The US economy added 209,000 jobs in July, below analysts’ predictions and representing the lowest pace of job creation since March. The figure, released Friday by the Labor Department, is significantly lower than the 289,000 jobs created in June, and less than the amount of jobs needed to keep up with population growth.
The unemployment rate, which is based on a separate survey from the payrolls figure, went up slightly from 6.1 percent to 6.2 percent. Economists’ had expected payrolls to increase by between 227,000 and 250,000.
The jobs that were created were disproportionately in the low-wage and part-time industries in the service sector, and the jobs report showed that workers’ wages remain stagnant. Only about a quarter of the jobs created in July were in the goods-producing sector, while three-quarters were in the service sector.
The retail sector and food service sectors, both of which disproportionately pay minimum wage, added 26,700 and 18,600 jobs, respectively. Ambulatory health care services, which include mostly low-paid medical assistants and medical secretaries, added 21,000 jobs.
In fact, a disproportionate number of jobs created during the economic “recovery” pay less than $13 per hour, according to a report issued earlier this year by the National Employment Law Project. While US businesses have on the whole added 1.85 million low-wage jobs over the past six years, they have eliminated 1.83 million medium-wage and high-wage jobs, according to the report.
The Obama Administration welcomed the jobs report as a sign of economic turnaround. “The good news is the economy clearly is getting stronger,” Obama said at a press conference in Washington… Things are getting better. Our engines are revving a little bit louder.”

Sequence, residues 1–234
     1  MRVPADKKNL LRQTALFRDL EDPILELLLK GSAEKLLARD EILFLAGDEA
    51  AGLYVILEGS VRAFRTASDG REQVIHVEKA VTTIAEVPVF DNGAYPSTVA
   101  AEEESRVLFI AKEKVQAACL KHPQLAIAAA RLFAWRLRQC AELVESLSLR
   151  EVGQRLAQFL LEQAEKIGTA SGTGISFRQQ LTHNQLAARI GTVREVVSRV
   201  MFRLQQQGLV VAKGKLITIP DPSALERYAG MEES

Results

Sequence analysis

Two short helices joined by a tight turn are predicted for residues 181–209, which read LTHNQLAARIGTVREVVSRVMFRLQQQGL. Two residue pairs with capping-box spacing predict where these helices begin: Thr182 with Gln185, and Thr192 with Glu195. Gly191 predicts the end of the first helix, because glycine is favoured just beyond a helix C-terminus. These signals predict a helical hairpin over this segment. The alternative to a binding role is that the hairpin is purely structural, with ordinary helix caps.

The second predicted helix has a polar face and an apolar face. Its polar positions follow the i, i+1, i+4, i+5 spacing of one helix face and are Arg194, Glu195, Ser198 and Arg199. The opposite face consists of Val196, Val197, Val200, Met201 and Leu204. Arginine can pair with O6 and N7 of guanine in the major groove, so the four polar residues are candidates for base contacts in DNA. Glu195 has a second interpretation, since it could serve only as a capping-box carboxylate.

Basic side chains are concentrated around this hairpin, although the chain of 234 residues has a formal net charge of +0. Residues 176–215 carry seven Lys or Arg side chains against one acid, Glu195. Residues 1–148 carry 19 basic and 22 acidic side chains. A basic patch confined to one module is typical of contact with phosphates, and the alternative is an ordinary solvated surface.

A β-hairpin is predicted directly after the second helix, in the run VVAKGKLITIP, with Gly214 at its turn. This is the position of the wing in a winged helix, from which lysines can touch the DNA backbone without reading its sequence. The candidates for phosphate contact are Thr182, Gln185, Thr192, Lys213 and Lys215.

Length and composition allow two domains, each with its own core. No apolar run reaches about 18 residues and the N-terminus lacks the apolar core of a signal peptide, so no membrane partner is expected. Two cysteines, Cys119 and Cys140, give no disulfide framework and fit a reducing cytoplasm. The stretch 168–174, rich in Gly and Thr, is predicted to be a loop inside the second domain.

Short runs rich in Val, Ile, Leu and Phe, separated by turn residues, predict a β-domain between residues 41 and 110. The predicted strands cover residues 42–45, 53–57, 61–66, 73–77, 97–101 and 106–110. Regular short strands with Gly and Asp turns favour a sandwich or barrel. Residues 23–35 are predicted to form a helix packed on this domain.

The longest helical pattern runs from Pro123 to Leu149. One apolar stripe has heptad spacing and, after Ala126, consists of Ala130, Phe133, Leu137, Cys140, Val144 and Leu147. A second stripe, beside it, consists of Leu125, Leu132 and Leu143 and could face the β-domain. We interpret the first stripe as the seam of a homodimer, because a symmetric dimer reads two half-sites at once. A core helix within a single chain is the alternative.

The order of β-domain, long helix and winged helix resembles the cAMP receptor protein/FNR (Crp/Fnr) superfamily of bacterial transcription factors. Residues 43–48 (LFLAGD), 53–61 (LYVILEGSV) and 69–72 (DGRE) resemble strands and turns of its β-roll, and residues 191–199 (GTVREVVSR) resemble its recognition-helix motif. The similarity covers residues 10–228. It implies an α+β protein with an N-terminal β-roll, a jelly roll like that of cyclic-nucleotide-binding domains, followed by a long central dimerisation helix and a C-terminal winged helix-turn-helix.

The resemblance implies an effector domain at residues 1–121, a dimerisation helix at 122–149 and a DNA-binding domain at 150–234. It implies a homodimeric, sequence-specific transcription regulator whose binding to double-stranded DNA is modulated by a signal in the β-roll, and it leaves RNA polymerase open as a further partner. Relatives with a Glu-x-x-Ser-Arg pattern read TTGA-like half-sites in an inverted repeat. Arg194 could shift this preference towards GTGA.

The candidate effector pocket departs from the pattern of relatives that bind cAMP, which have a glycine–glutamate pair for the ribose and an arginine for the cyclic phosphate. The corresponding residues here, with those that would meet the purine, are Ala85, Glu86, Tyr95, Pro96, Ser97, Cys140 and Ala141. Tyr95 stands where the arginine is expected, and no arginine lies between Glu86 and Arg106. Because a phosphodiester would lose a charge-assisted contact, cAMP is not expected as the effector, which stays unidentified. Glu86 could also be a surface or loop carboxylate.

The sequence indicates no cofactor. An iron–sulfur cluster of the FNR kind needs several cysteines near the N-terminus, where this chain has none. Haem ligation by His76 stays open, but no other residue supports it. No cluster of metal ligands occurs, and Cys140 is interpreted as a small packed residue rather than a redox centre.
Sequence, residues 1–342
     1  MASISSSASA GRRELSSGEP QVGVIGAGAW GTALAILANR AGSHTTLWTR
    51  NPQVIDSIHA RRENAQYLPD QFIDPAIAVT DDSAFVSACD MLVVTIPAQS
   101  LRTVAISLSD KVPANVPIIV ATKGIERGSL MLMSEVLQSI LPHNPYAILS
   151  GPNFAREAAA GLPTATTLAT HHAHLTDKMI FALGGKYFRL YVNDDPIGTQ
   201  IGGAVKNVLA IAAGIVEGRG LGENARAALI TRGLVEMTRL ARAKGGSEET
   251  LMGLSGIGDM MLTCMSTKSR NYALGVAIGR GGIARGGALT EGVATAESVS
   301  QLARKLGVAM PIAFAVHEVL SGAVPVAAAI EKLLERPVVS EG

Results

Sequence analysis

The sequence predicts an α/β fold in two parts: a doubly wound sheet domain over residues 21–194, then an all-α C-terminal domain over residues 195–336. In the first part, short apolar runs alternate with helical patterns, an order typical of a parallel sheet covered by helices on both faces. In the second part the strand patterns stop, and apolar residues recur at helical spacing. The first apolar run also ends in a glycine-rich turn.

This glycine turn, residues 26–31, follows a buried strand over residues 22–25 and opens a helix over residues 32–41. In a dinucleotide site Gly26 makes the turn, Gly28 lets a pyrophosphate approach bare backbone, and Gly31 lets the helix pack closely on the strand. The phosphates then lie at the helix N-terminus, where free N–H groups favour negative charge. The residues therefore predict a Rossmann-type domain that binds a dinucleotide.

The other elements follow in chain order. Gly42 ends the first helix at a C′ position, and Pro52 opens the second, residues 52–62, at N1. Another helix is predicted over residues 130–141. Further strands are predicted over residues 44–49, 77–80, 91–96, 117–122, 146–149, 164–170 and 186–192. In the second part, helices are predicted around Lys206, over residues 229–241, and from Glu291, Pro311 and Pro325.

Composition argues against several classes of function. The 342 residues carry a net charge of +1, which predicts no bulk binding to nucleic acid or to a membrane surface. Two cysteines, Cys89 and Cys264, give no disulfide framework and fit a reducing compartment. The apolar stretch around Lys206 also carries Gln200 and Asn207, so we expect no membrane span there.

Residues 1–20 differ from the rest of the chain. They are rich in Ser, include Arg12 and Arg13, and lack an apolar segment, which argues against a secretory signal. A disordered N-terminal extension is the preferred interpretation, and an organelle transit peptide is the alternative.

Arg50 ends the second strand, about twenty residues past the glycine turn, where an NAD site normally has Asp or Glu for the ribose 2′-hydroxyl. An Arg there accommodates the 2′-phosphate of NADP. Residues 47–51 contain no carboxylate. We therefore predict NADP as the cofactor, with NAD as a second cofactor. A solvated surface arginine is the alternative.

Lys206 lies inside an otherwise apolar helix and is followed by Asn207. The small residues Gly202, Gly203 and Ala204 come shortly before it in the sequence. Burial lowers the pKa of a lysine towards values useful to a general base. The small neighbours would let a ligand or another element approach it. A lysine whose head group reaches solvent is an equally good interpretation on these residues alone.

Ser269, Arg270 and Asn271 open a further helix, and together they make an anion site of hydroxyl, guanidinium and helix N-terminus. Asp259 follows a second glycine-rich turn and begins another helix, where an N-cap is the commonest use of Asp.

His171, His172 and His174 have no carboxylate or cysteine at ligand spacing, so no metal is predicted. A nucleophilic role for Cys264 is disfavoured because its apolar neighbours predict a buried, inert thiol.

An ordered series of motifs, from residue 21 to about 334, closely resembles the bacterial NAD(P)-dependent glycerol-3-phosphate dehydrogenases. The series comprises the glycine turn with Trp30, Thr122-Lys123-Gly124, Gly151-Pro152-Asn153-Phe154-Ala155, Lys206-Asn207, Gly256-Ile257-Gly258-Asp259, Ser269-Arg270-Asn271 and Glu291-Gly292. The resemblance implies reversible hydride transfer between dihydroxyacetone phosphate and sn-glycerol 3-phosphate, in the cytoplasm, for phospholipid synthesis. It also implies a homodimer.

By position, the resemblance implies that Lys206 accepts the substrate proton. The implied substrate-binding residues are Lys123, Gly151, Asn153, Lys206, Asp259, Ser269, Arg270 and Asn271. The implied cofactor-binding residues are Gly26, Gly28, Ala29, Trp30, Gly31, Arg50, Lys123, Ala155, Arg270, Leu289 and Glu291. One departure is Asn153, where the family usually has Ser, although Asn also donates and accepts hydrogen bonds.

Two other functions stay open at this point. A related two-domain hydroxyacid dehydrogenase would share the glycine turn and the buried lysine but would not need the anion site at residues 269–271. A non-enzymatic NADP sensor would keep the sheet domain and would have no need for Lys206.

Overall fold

While the share of adults who are either working or looking for work, known as the labor force participation rate, ticked up slightly last month, to 62.9 percent, it remains far below its peak in 2000, when it stood at 67.2 percent.
“The participation rate is at lows not seen since 1978,” wrote Joshua Shapiro, chief United States economist for MFR, in a note to clients quoted in the New York Times. “And therefore conditions in the labor market are certainly worse than indicated” by the reduction of the official unemployment rate, he concluded.
If workers who have dropped out of the labor force were counted, the unemployment rate would be 9.6 percent, according to figures from the Economic Policy Institute. There were 5,860,000 such “missing workers” in June 2014, according to the organization.
The number of “missing workers” has grown substantially. In 2008, the figure stood at 180,000, but had risen to 3.9 million by September 2011. Now, their ranks have grown to nearly six million.
Average wages increased by a penny last month and were up by about 2 percent compared to a year ago. But this increase was entirely wiped out by the rise of inflation, which stood at 2.1 percent over the past 12 months.
There are 7.5 million people in the US who work part-time for economic reasons, according to the report. These workers work less than 40 hours a week but would like a full-time position. The number of people who have been out of work for 27 weeks or more remained at 3.2 million in July.
US stock markets initially responded positively to the worse-than-expected jobs report, which, according to the New York Times, helped “to calm concerns on Wall Street that the economy was about to accelerate to a point where the Federal Reserve would be under pressure to start raising rates earlier than anticipated.” This fact serves to emphasize the reality that the current boom in the stock market is totally unrelated to any improvement in economic conditions, and is rather the result of the massive infusions of cash into the financial system by the Federal Reserve.
The jobs report came as the cutoff of extended federal jobless benefits for those unemployed for more than 27 weeks entered its eighth month and the number of people whose benefits have been cut off stood at over three million. While the Democrats had earlier this year pledged to wage a major campaign to extend long-term jobless benefits, they have now almost entirely dropped the issue.